Scroll to the bottom of this post for the mp3.
As Dave said Dec. 3rd, “We’re having a Rebooting The News moment here with WikiLeaks.” Indeed. Now we know how the open Net comes crashing down.
* First came the denial of service attacks. (Dave: “How do we know that?”)
* Next, Amazon Web Services kicked Wikileaks off its cloud servers.
* Then it was EveryDNS.net., which stopped serving the domain wikileaks.org
* Then Tableau Software removed data visualizations Wikileaks had running there.
* Then PayPal started choking off the air supply: donations.
* The U.S. Library of Congress even got into the act, shutting down access to Wikileaks at its terminals.
Look who is not on this list: Twitter. That’s important!
Dave at Scripting News: “When does the situation reach equilibrium? What’s the best outcome for the people of the planet? It seems to me that at the end of this chain is BitTorrent…. when WikiLeaks wants to publish the next archive, they can get their best practice from eztv.it, and have 20 people scattered around the globe at the ends of various big pipes ready to seed it. Once the distribution is underway the only way to shut it down will be to shut down the Internet itself.”
@xenijardin writes on Twitter: Great idea “@hrana: surprised @wikileaks hasn’t set up utorrent compatible RSS feed to automatically distribute updated #cablegate archives” (Dave: that’s what the two technologies were made for.)
“In the wake of strong U.S. government statements condemning WikiLeaks’ recent publishing of 77,000 Afghan War documents, the secret-spilling site has posted a mysterious encrypted file labeled ‘insurance.’ The huge file, posted on the Afghan War page at the WikiLeaks site, is 1.4 GB and is encrypted with AES256. The file’s size dwarfs the size of all the other files on the page combined. The file has also been posted on a torrent download site.”
Assange is quoted as follows: ““We have over a long period of time distributed encrypted backups of material we have yet to release. All we have to do is release the password to that material, and it is instantly available.”
Dave: We need new institutions, that is what it comes down to. One he looks to is the Berkman Center for Internet and Society at Harvard: “Is it time to ‘do something’ to create a haven for the free web?”
Dave took some heat for this at Scripting News: Boycott of Amazon? Not doing it.
Stowe Boyd, commenting to Cloud Computing Journal, looks to the Greenpeace model:
“I think ultimately WikiLeaks should become a global non-profit like Greenpeace, specifically organized to accomplish certain goals for the sake of the world, like exposing who is funding political action when laws allow it to be concealed (as in the US), or exposing the inner workings of unregulated or barely regulated industries… It should be organized like Greenpeace, as a federation of non-profits in the various countries, supported by activists in the member countries. Wikileaks is not organized in that fashion today, and it should be.”
Time’s Joe Klein: “If a single foreign national is rounded up and put in jail because of a leaked cable, this entire, anarchic exercise in ‘freedom’ stands as a human disaster. Assange is a criminal. He’s the one who should be in jail.”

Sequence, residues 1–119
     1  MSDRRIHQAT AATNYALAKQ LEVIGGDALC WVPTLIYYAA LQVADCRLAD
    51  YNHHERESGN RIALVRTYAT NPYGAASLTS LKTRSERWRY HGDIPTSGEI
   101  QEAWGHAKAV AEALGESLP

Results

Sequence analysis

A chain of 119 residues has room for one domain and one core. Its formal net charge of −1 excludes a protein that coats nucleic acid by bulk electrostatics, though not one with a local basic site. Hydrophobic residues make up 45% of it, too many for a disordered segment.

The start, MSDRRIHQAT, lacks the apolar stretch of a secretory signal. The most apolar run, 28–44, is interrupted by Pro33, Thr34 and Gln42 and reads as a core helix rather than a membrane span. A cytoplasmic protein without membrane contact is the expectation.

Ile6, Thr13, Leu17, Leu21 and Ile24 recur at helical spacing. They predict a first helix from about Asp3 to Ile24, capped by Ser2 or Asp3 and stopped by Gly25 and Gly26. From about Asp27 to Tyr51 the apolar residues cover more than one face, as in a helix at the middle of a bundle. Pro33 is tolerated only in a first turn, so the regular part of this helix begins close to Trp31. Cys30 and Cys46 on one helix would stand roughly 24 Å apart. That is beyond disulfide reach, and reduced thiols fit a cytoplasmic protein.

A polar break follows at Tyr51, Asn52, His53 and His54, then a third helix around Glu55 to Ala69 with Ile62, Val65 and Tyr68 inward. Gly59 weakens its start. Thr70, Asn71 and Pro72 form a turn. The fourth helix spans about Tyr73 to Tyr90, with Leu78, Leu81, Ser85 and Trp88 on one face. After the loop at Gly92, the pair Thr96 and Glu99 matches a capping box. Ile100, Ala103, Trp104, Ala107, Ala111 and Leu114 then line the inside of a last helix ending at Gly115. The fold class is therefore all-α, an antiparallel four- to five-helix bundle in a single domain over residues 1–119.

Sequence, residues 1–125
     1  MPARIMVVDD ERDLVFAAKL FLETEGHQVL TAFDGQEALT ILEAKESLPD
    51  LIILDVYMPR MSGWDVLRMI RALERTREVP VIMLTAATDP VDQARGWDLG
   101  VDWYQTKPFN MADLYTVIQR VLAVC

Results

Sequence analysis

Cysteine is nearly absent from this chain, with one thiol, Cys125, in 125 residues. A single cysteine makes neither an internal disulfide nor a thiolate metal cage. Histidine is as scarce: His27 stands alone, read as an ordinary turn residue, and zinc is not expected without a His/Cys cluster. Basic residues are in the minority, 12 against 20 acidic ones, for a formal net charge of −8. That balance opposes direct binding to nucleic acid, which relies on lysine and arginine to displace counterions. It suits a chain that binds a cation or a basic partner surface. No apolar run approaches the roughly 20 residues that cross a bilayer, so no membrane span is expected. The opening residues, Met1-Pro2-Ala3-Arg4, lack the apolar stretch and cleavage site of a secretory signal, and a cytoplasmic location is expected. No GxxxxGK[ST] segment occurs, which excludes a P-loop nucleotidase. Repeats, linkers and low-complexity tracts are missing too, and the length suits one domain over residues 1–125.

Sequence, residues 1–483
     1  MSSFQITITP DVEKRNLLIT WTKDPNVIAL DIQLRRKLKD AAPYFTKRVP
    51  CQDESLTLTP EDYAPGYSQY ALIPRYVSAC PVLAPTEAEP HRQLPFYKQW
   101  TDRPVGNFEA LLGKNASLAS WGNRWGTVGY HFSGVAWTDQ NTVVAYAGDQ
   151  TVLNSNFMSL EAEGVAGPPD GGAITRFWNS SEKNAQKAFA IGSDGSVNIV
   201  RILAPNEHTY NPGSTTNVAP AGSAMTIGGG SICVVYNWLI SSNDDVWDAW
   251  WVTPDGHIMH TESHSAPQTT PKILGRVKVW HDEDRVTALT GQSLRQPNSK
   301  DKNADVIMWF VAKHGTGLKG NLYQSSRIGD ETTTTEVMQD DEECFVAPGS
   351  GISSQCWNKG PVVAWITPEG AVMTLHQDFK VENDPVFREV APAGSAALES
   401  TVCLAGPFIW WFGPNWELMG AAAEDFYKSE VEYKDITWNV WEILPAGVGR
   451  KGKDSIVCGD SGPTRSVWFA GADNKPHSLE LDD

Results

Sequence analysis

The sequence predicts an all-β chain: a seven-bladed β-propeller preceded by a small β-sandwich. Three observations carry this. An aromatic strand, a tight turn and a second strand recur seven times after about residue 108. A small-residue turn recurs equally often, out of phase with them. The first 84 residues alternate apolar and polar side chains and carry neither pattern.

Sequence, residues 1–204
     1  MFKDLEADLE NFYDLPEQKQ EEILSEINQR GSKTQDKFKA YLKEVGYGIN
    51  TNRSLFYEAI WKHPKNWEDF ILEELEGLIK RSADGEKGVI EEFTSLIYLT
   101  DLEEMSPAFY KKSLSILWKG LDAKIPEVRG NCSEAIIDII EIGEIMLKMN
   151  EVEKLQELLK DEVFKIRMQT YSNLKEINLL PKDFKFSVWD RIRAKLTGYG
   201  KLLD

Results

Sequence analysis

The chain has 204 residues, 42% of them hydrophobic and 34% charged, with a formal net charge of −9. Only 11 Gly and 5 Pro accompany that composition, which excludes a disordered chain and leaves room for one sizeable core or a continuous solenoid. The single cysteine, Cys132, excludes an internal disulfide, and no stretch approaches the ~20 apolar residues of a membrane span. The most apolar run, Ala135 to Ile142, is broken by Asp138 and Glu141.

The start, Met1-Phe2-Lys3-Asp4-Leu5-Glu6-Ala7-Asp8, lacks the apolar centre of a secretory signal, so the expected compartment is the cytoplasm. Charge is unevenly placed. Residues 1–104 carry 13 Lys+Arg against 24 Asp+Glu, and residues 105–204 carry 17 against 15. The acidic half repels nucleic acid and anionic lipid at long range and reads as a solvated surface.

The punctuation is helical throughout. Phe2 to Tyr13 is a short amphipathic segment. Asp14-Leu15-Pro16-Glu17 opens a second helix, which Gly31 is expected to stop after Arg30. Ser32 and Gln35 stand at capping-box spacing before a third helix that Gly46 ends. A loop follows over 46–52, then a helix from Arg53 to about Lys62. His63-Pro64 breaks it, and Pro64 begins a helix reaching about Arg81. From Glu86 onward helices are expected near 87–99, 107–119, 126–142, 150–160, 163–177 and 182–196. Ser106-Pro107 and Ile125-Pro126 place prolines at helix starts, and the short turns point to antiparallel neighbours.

New York Times public editor: Assange is scum, and the Times did a great job publishing the documents he gave to the press.
Simon Jenkins in The Guardian: “Disclosure is messy and tests moral and legal boundaries. It is often irresponsible and usually embarrassing. But it is all that is left when regulation does nothing, politicians are cowed, lawyers fall silent and audit is polluted. Accountability can only default to disclosure.”
Jay: A journalist I know wrote to me today: “I’ve thinking about your wikileaks posts – the project I’m working on now concerns a large government database that was leaked to us. We’ve been doing months of reporting to find the personal stories, connect the dots and get photos. A dilemma we face is how to release as much of the information as possible, and allow users to add to what we have, without putting the source or the newspaper in greater legal risk. It’s not a new problem, but wikileaks — and the imperative of getting as much of the info out as possible – is on everyone’s mind.”
Reporters Without Borders statement on Wikileaks: “This is the first time we have seen an attempt at the international community level to censor a website dedicated to the principle of transparency. We are shocked to find countries such as France and the United States suddenly bringing their policies on freedom of expression into line with those of China. We point out that in France and the United States, it is up to the courts, not politicians, to decide whether or not a website should be closed.”
Jay: The big divide we can see opening up is between those who are statist, who look out for the interests of the state and identify with it, and civil society. Journalists who don’t understand that their fortunes are bound up with civil society are not competent to practice their craft.
Jay: still the best thing I have read for understanding Assange. Alan Bady (zunguzungu) Julian Assange and the Computer Conspiracy; “To destroy this invisible government”.
At Jay’s Posterous, Dec. 4: Julian Assange Ducks the Question A Lot of Us Have About Wikileaks. 12,000 views and 130 comments as of showtime.
Jay’s video, Dec. 2: The watchdog press failed; what we have is Wikileaks instead.
Jay’s PressThink post from July: The world’s first stateless news organization.
Here’s the show; hope you like it.